There was no more devoted servant to American soccer than Sunil Gulati. Whatever you may think about decisions he may or may not have made about head coaches on the two senior nationals teams in his care, the U.S. Soccer president will leave an enormous legacy when his 12-year-run comes to an end on Feb. 10.
On Monday, ESPN reported that Gulati will not seek a fourth term at the head of the national soccer federation. He will not compete with any of the seven declared candidates in the election — which would have been the first in which he’d faced an opponent — and will instead focus on heading up the joint bid for the 2026 World Cup with Canada and Mexico and his position on the all-powerful FIFA Council.
Following the men’s national team’s failure to reach the 2018 World Cup in a disheveling loss in Trinidad and Tobago in October, Gulati had come under renewed and sustained pressure for his head coaching appointments, plus the late-in-coming firing of Jurgen Klinsmann. After the latest head coach, Bruce Arena, had resigned following the loss, the fan base demanded Gulati’s ouster as well.
“The loss to Trinidad was painful, regrettable and led to a lot of strong emotions,” Gulati said to ESPN. “And to be honest, I think at this point, that’s overshadowed a lot of other things that are important. So fair or not, I accept that and think it’s time for a new person.”
Indeed, Gulati made some poor decisions when hiring head coaches.
On the women’s national team side, he mostly got it right with Pia Sundhage and Jill Ellis, although Tom Sermanni proved a clunker of an appointment.
But with the men, Gulati’s record is mixed. Bob Bradley performed admirably after Klinsmann turned the job down in 2006. When the president finally got his man in 2011, however, he entrusted him with too much power and gave him far too much time, letting the German build a rickety team that nearly came apart in qualifying for the 2014 World Cup and collapsed on its way to the next edition. Arena was drafted in to fix things, and that was probably the right call, but it was too late. The U.S. left itself prone to a bad outcome and suffered several.
This is what ultimately cost him.
Yet it shouldn’t obscure everything else that he accomplished. Gulati has been involved with U.S. Soccer for more than three decades, after his family migrated from India when he was five and he became a soccer coach and administrator in Connecticut as a teenager. At the time, the governing body was so cash-strapped that it had to ask senior national team players to forego its $5 per-diems just to be able to extend a camp by a day. When the 27-year-old Gulati started volunteering for U.S. Soccer, his responsibilities ranged from laundry to tutoring youth teams missing too much school.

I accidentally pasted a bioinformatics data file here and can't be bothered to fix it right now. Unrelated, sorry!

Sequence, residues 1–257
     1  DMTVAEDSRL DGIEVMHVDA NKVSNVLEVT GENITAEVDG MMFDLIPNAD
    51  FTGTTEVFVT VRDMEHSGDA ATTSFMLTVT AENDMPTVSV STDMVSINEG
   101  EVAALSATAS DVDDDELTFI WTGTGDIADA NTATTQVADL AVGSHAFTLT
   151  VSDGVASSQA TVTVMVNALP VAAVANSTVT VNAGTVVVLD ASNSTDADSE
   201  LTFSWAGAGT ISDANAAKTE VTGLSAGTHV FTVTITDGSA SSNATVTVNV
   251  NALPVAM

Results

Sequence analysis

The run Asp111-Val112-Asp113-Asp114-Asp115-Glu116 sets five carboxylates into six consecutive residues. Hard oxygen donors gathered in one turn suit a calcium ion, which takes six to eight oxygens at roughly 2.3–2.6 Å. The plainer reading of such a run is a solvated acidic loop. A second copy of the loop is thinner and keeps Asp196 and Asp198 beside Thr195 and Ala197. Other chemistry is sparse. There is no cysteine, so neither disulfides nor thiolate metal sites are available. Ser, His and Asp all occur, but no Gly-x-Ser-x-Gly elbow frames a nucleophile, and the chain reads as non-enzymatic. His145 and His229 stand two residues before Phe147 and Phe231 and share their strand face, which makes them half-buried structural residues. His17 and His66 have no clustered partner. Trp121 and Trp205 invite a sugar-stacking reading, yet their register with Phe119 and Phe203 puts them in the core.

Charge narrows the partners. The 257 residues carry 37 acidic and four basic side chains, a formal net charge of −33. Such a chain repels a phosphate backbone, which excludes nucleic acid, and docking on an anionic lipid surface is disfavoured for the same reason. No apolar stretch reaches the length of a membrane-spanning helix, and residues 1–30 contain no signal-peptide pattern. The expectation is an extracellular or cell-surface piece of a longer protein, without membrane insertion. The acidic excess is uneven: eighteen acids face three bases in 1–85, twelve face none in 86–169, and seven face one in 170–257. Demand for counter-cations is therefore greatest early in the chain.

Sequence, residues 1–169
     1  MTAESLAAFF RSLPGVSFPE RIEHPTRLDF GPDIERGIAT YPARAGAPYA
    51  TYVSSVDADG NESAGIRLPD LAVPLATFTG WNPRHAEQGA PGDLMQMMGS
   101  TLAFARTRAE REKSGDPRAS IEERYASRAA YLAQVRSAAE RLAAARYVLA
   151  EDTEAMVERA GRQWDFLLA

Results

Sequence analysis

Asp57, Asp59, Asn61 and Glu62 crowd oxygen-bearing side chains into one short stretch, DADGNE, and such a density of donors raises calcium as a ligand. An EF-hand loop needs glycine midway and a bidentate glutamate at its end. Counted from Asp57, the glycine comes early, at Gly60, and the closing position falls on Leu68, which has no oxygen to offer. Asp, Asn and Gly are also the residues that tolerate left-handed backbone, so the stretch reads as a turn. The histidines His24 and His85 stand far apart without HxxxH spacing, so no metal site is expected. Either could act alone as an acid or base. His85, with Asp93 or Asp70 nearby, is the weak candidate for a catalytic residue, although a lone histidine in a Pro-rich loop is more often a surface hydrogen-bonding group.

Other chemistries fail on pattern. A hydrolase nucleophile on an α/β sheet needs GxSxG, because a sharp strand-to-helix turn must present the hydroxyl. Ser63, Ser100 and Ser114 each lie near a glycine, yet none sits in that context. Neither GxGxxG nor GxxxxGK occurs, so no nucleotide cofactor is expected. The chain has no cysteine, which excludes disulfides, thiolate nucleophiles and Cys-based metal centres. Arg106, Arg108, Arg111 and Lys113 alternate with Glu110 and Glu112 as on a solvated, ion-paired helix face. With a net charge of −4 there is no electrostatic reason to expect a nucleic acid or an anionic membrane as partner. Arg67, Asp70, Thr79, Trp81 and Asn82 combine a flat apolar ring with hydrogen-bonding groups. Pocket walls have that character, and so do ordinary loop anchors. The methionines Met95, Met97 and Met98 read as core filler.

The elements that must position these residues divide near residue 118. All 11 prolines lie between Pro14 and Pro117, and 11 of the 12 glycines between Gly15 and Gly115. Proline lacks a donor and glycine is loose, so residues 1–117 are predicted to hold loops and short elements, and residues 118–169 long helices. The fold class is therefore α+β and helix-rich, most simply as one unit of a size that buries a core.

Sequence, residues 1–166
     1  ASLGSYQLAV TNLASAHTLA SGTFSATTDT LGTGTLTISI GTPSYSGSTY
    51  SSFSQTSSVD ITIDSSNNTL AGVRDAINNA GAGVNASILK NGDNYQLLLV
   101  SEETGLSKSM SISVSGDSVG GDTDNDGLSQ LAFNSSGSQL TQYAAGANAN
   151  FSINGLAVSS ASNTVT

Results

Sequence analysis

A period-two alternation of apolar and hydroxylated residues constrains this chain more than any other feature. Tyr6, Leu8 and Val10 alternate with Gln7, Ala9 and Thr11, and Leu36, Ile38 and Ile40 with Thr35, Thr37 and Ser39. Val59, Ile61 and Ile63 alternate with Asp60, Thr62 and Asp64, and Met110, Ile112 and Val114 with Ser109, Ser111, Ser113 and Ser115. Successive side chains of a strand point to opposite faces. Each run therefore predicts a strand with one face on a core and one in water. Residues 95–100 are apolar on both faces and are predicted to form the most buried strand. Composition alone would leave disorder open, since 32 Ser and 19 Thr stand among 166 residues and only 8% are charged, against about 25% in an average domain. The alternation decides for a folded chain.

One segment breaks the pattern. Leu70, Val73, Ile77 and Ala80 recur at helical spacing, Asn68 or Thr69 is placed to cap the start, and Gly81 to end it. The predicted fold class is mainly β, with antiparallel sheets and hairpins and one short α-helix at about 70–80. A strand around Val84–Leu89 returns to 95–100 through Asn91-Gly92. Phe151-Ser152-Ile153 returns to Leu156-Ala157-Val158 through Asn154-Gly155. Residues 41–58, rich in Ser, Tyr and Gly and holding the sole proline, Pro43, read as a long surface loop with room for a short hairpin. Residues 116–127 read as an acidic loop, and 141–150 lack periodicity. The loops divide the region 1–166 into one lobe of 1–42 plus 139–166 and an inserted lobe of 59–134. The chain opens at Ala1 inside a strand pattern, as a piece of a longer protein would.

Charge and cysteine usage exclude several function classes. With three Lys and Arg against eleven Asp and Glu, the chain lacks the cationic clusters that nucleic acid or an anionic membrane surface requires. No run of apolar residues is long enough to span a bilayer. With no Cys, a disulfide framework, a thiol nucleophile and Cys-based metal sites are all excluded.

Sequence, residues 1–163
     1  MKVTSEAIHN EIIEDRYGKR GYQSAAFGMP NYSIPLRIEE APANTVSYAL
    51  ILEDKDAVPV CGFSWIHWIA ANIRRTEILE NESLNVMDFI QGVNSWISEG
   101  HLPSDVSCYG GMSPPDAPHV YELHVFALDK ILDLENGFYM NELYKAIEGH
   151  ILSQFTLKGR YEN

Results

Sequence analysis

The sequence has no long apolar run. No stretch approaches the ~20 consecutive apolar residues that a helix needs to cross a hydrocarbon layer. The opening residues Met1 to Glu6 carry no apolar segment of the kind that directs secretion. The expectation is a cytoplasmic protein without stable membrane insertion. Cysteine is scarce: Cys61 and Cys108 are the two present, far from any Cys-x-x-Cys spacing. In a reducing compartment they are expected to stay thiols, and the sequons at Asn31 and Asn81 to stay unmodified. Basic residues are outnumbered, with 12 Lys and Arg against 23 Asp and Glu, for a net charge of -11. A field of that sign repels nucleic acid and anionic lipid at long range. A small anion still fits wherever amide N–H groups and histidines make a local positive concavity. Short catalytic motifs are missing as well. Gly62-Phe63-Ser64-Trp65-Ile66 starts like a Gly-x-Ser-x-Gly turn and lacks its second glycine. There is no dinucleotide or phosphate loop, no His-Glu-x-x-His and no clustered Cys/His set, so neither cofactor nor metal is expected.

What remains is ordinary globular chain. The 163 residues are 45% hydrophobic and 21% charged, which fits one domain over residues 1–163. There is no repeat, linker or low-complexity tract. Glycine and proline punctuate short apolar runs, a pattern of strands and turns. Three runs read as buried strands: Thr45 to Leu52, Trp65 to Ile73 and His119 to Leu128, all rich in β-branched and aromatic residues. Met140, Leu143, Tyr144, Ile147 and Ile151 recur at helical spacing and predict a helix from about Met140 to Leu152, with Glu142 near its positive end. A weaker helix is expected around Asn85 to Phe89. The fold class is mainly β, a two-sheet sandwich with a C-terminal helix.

Slowly, Gulati rose the ranks. He helped put on the 1994 World Cup, worked as Major League Soccer’s first deputy commissioner, ran the New England Revolution after a failed bid for U.S. Soccer’s vice presidency and finally won the big job in 2006. In the meantime, he also climbed the ladder at CONCACAF and FIFA, carefully amassing untold power — and helping to swing the most recent presidential election to Gianni Infantino. Gulati once estimated that he flew 250,000 miles per year tending to his various soccer responsibilities. And most of them, including all of his U.S. Soccer work, were unpaid.
Under Gulati’s stewardship, American soccer thrived.
Today, the United States Soccer Federation reportedly has some $150 million in cash reserves. Both the men’s and women’s national teams have budgets for just about anything they want to do, while the infrastructure is vastly improved and players are paid well. The youth game continues to grow and improve, even if at the top end, the pipeline doesn’t yet reliably produce the talent needed to compete for a World Cup.
A cynic could say that the growth of soccer was organic and would have happened with Gulati or without him — that all he did was not screw it up. But that wouldn’t do justice to his careful planning and deft politicking. Gulati, who retains a day job as a economics lecturer at Columbia University, took extraordinary care to think through his decisions — sometimes to a fault.
In a tiny office at the university, crammed full of soccer mementos, he’d use every last minute not spent teaching or advising students planning games or bids or tournaments — or indeed grassroots or amateur efforts, since there’s far more to the job than the senior national teams. (I once spent a few days with him for a story and was astonished to see how much work he managed to cram into his waking hours.)
For decades, Gulati gave his life to soccer. He married his Mexican wife on a Friday so that all their friends could attend before the Mexican national team would play on a Sunday. Their honeymoon was brief because the U.S. had an upcoming qualifier. He wasn’t there for all their two children’s birthdays, because he was so often on the road for soccer.
“Vacations are the World Cup, and I take the family,” Gulati said in 2011.
This isn’t a plea to feel sorry for Gulati. His job with U.S. Soccer made him powerful. And, indirectly, it enriched him through the other jobs it gave him access to with CONCACAF and FIFA. Gulati sacrificed, but he was mostly privileged.
Yet none of that diminishes all that was accomplished during his run, and it was hardly a coincidence that it happened on his watch.
Leander Schaerlaeckens is a Yahoo Sports soccer columnist and a sports communication lecturer at Marist College. Follow him on Twitter @LeanderAlphabet.